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Owning a Mercedes-Benz is an experience, and this extends to even the process of entering the EQE. Its electrically-operated door handles are recessed into the rest of the bodywork for aerodynamic purposes, until you get close enough to the car. The car then unlocks, with the handles gliding outwards silently, beckoning you to step inside.

Light and Breezy

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Pull the handle gently and the doors open to reveal a properly stunning cabin. The EQE is festooned in sumptuous white leather, satin metal, and other high quality materials. Even the carpeting is made of white fabric.

The initial reaction is one of awe and wonder, with the EQE's interior looking a lot like an airy modern living room, just that it's bolted onto four wheels. The sense of space is unparalleled, and you do not feel the least bit claustrophobic inside.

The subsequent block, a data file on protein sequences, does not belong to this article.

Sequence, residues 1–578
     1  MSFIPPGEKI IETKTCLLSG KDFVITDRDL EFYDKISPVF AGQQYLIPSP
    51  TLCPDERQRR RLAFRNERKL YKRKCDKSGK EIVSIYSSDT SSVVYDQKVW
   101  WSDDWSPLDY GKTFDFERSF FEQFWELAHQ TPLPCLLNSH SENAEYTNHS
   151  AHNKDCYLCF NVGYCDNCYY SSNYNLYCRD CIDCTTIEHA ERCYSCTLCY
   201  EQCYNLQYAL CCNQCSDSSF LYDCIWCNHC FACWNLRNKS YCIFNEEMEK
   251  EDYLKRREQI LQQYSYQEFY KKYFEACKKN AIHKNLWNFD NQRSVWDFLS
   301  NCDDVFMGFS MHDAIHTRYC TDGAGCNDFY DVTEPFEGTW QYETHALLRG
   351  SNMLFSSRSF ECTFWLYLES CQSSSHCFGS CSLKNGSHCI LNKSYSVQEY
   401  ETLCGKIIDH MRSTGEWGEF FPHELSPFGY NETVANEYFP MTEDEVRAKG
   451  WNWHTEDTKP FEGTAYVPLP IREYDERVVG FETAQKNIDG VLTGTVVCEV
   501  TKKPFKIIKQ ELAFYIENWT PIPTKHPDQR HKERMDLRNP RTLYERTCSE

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The dashboard, which is tilted ever so slightly upwards, gives the illusion of having more space. And I love Mercedes-Benz's open-pore walnut wood trim on the dash, which looks contemporary and classy without going overboard.

You get a rather practical dual-screen setup, much like the C200 AMG Line that we'd tested in the not-so-distant past. Much has already been said about the MBUX experience before (here and here), but it somehow feels more well-sorted and more bearable to use on the EQE.